Bears Film Study: Giants show its possible to win without wide receivers
Last week's game in New Jersey was an example of what can happen when two defenses are focused on forcing the opposing quarterback to make decisive plays.
The Giants obviously won that battle, since their QB Daniel Jones ran for two touchdowns while the Bears settled for four field goals in the 20-12 loss.
Frustrating from a Bears perspective was how the Giants were able to capitalize on bootleg plays by Jones to supplement runs from Saquon Barkley. New York managed just 71 passing yards, mostly on rollout dumps to the tight ends, but Jones' 68 yards rushing made a difference.
People complain about the lack of playmaking ability among the Bears' wide receivers. The Giants could have left their receivers in the locker room and still won this game. They delivered one catch each for Darius Slayton, Richie James and David Sills.
On the other hand, both the Bears coaching staff and QB Justin Fields don't seem to have a handle on what Fields does best. The offense as a whole has done well when loading up with a fullback, two tight ends and running the ball.
New York followed that page of the Bears' playbook to pile up 262 rushing yards, using two tight ends on the same side to create severely unbalanced lines. The snap counts tell an interesting story: Of the Giants' three tight ends, Chris Myarick played 63% of the snaps, Daniel Bellinger 60% and Tanner Hudson 57%.
The Bears, on the other hand, used TE Cole Kmet 98% of the time, but fullback Khari Blasingame and tight end Trevon Wesco participated in just 26% of plays. Why the Bears don't spend more time playing to their offensive strength is a mystery.
Fields of dreams
This game featured the full gamut of challenges facing Fields. He had a nice day running the ball, scrambling for four first downs. He finally connected on a deep ball to Darnell Mooney, but doesn't get enough time to throw to count on many of those.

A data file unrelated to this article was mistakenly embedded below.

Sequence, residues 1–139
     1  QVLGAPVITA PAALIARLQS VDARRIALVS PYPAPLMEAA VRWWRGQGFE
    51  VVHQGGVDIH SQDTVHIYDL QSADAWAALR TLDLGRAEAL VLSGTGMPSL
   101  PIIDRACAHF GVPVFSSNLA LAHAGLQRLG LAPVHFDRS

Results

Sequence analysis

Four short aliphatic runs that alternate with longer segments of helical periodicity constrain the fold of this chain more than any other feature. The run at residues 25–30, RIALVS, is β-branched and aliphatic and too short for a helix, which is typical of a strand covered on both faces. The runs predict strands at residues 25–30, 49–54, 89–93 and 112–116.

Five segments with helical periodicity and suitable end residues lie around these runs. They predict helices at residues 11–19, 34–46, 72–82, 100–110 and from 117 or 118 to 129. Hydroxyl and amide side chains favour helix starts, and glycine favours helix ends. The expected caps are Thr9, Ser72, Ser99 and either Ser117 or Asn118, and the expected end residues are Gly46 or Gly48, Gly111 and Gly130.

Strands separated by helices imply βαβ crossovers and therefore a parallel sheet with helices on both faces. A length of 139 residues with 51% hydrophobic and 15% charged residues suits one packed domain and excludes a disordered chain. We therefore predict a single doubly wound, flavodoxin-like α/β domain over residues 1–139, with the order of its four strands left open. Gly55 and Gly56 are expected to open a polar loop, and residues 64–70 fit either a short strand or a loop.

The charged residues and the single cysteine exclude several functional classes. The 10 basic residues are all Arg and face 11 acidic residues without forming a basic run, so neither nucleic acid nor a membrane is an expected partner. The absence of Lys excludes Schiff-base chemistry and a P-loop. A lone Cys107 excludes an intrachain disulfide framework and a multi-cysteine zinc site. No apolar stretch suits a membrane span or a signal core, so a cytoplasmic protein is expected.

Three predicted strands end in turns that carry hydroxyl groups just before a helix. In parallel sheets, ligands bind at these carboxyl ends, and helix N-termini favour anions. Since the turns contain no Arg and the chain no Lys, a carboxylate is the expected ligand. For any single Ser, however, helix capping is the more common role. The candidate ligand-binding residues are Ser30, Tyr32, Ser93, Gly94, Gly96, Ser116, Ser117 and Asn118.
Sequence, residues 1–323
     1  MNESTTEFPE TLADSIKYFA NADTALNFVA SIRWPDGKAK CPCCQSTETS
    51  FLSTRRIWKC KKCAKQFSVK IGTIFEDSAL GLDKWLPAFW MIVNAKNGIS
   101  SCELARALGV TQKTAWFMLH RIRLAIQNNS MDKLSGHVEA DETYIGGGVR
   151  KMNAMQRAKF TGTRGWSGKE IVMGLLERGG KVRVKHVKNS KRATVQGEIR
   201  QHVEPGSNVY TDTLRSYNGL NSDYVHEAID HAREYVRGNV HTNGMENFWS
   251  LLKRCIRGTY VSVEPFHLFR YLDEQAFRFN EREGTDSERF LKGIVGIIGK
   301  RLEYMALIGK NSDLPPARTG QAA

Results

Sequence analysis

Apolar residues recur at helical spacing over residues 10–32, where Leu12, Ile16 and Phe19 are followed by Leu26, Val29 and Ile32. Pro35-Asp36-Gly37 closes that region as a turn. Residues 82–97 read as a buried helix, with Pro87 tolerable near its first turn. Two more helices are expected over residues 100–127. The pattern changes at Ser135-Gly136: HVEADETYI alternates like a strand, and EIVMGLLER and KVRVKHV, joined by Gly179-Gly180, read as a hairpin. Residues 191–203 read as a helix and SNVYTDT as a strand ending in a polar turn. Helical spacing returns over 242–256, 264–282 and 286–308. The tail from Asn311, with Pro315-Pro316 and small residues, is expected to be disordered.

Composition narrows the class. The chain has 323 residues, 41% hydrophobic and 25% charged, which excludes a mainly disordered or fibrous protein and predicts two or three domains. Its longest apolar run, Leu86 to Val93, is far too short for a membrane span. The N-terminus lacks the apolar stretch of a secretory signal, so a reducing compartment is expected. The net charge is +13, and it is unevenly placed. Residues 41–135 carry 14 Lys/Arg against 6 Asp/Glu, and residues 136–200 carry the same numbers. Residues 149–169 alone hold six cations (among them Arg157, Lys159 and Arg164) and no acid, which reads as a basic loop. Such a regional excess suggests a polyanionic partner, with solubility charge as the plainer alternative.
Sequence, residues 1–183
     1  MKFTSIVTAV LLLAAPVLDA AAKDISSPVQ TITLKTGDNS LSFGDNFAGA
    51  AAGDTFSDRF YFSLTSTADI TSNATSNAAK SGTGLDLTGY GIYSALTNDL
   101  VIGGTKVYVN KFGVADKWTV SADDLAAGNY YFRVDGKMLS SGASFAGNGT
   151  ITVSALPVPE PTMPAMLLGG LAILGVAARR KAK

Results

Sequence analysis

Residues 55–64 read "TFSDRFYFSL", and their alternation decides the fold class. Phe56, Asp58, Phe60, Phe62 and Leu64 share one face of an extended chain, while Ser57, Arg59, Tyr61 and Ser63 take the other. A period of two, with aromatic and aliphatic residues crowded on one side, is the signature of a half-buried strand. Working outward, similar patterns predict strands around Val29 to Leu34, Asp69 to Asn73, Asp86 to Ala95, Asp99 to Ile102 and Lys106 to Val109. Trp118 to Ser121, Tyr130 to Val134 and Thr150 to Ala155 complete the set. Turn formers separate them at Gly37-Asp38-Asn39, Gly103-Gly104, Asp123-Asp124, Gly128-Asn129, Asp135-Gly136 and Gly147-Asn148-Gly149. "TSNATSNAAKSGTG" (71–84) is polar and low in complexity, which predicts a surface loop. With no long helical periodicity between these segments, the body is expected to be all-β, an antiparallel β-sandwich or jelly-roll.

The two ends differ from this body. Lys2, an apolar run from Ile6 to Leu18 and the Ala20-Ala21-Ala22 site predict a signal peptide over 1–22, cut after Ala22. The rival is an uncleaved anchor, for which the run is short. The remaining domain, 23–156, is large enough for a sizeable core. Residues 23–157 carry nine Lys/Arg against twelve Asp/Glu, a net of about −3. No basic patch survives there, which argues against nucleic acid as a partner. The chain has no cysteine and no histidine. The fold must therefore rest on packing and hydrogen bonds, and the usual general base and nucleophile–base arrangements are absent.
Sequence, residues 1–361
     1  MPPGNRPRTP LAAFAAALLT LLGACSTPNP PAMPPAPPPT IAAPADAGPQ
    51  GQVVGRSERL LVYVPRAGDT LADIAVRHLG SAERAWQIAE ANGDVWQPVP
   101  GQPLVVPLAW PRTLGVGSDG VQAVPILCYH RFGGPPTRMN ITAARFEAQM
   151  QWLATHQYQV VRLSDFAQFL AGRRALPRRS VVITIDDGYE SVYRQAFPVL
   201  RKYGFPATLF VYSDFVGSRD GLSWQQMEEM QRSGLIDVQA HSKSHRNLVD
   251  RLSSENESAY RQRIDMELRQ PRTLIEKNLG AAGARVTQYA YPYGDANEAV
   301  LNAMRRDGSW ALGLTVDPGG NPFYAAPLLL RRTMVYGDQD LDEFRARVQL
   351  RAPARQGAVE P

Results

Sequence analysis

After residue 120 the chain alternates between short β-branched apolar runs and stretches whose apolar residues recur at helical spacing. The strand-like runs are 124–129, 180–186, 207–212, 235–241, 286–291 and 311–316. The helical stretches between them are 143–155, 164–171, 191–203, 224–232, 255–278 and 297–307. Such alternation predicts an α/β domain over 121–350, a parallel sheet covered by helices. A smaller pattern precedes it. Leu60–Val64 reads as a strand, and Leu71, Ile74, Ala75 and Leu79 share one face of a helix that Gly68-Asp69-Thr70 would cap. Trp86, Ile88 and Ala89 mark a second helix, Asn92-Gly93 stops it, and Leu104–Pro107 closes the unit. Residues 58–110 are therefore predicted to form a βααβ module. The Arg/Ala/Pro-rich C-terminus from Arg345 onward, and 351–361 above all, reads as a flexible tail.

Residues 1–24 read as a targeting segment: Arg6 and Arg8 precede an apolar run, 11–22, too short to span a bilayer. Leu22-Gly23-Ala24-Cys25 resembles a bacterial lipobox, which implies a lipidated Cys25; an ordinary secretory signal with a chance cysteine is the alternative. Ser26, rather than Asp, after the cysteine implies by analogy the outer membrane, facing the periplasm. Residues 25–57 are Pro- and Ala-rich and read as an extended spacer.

Fields has been sacked 11 times in the last two games and the problem figures to get worse with Lucas Patrick stepping in at left guard for the injured Cody Whitehair. Medium throws seem to be the most feasible right now, since defenses are looking out for the bootleg.
The Bears drove inside the Giants' 30-yard line on their first five full possessions, so the offense moved the ball. But Fields also made some odd decisions. On first down at the 12-yard-line, the Bears ran a bootleg pass and New York defensive end Jihad Ward chose to rush the passer instead of follow Kmet. All Fields had to do was toss a short pass to his tight end for a decent gain. Instead, he kept the ball and was dropped by Ward for a 2-yard loss. Hello Field Goal No. 2.
Third-and-3 at the 5-yard line, the Giants have nine in the box, the Bears had seven blockers and they handed it to Khalil Herbert up the middle for no gain. The play had no chance.
Worst play II
This one was a little strange. On third-and-6 at the 14 in the third quarter, Fields dumped a short pass to Kmet for a 3-yard loss. After rewinding a few times, it looked like this was the plan all along. Three receivers ran into the end zone, Kmet blocked, then released, and the Bears probably expected him to have room to run.
Problem was, the Giants had a spy standing by for a Fields scramble and he quickly dropped Kmet for a loss. That led to Field Goal No. 4. OC Luke Getsy has used some clever plays to reach the end zone, but nothing clicked in this game.
Room to run
Yes, the Bears rank last in the NFL in rushing yards allowed, but 20 points allowed against the Giants was a winnable performance. Considering the number of rookies and midlevel free agents filling spots, the defense continues to overachieve.
Streak is over
This column has raved about the performance of Blasingame at fullback, but he finally missed a block on the first series Sunday. The fourth-year pro from Vanderbilt crossed the formation, dove at the legs of linebacker Azeez Ojulari and didn't connect. Ojulari made the tackle on Herbert, but it was still a 7-yard gain.